I haven’t dipped into black and white photography in many years. In a technical sense, the images in this post are monochrome rather than B&W. There aren’t many pixels in these images that are truly black or white. With that aside, I should mention that I don’t tend toward precision. I’m the kind of person who thinks napkins are redundant if paper towels are on hand. When I write B&W, I really mean monochrome.
I used to do photo walks with my camera set to B&W, but then I read a digital photography tip that eroded my interest in it. It’s a tip that is so widespread that it meets the criteria of common knowledge I suppose: shoot in color and change to monochrome during post-processing. It’s simple to take color away but almost impossible to add it (with fidelity) to a monochrome image. I can see the wisdom of this practice. There’s the serendipity of colliding with the unusual. I wouldn’t want to miss a color picture of clowns training falcons in the wild, for instance.
The problem with this approach is that, for me at least, shooting in color tunes into a different way of seeing. I love highly saturated colors enriched further with morning or evening light. I just don’t have it in me to adopt a high-key, muted color style that is widespread on social media. When I take color photos, color is my highest priority. I don’t value light unless it deepens the color. I’ve tried flipping those images to monochrome while editing, but there’s not enough contrast left once the color is stripped away.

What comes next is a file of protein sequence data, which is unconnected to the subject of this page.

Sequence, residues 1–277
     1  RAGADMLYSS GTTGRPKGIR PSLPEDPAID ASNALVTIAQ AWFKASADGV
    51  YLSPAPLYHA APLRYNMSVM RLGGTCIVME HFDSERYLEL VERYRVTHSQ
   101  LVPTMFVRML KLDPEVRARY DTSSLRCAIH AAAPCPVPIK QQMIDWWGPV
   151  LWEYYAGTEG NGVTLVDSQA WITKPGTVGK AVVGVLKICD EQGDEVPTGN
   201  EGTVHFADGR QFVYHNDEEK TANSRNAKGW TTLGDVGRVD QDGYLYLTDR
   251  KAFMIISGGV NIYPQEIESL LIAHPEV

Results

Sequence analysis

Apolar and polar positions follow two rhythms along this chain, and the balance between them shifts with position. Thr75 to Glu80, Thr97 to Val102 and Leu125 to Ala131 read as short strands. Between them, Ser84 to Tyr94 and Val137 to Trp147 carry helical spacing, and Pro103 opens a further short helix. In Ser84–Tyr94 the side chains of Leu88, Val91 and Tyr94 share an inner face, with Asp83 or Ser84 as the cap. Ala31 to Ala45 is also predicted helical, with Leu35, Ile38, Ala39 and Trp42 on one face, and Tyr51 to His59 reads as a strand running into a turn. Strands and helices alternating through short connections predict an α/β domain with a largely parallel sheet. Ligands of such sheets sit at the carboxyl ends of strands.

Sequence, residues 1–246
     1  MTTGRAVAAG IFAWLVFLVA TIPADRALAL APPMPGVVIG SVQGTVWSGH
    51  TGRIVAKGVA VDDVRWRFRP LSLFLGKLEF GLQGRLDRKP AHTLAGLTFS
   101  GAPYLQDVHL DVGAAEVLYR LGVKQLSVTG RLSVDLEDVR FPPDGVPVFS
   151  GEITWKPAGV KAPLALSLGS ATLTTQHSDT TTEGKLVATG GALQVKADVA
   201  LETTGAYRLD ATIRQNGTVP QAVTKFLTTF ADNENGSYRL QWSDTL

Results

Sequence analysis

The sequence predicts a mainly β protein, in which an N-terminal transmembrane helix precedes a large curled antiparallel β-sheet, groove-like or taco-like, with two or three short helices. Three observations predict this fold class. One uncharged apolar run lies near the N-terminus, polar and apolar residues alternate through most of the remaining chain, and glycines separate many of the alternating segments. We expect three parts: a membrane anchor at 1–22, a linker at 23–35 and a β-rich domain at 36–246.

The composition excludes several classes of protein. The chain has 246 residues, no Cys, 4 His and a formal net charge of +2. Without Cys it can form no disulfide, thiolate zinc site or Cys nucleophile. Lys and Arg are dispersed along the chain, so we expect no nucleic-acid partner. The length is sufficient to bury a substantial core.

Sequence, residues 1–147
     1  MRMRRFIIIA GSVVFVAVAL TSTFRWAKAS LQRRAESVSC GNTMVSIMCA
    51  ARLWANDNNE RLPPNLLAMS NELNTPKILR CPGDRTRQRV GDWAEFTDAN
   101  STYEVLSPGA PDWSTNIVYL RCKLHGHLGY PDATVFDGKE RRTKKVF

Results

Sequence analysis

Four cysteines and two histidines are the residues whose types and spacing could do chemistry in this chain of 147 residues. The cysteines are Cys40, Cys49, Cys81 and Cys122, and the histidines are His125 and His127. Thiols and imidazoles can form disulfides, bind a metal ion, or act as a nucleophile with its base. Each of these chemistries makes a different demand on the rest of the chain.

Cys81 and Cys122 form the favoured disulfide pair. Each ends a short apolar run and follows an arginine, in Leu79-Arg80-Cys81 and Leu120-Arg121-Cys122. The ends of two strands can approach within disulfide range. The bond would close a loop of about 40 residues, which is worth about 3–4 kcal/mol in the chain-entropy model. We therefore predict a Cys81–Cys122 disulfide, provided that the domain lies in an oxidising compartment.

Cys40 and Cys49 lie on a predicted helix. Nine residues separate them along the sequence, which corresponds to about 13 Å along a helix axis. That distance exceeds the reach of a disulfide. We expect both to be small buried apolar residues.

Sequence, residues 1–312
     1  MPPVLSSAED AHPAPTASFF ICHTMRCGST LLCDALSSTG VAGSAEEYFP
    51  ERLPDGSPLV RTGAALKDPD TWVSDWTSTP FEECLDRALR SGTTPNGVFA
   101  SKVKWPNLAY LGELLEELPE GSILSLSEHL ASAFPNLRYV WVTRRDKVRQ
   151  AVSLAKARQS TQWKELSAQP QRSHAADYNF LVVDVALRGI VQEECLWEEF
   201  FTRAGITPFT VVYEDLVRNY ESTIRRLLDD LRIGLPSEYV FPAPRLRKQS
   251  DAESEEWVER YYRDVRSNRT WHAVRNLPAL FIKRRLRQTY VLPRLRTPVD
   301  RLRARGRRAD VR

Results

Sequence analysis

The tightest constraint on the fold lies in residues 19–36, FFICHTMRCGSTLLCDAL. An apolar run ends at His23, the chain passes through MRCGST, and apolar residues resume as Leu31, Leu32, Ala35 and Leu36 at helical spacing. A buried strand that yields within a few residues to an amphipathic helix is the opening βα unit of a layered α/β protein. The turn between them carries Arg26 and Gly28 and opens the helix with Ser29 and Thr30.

I’ve learned that I need to dial into a monochrome mode while I’m shooting if I want decent B&W images. Then my priority is light. A humble tree grabs my attention because it is lit in glory. I suppose B&W photography sharpens the fundamentals of the form: light and composition.
Shadows are deepest at the height of summer. It’s like the sun spills an inkwell in the shade.
For five years, my daughter and I lived in an apartment complex next to a pond that was home to dozens of mallard ducks. Looking back at that time, I so wish I’d taken more pictures of the ducks. I think I was paranoid that my neighbors would complain I was drifting too close to their patio doors with my camera. Our time there was so peaceful, and I didn’t want to disrupt it with conflicts, especially ones that were very avoidable.
There is no other place in town where the ducks visit so reliably. At the apartment pond, a few would stay all winter, keeping a quarter-acre circle of water fluid even in the dead of winter with their dabbling. It was there I learned that water in motion takes much longer to freeze.
In this post, I share one photo of the ducks from that era. The photo was originally in color, but the edit to black and white startled me in the best way. To my eyes, the loss of color makes the duck look as if they are made of paper and are floating on fluid glass.
This evening I discovered RedBubble.com, where you can upload your photos and digitized artwork and create all sorts of items imprinted with your images. I think I may order a print of this one.
The light bouncing from the reservoir was so bright it laid bare the floaters in my eyes. This capture reminds me of getting a Bontempi organ for Christmas when I was child with a failed Dorothy Hamill haircut. On that organ, I picked out the melody to the alien signal from Close Encounters of the Third Kind. It was rare escape from my usual tone deafness.
Like fading to a dream in an old film, wherein the heroine relives the day she stopped caring about her rivals . . . and in this resignation, she saw that the only rival who mattered was herself.
This chair disappeared about an hour later, to the sound of a muffler scraping the road.
I like how water meters and manholes get laminated with asphalt and weeds.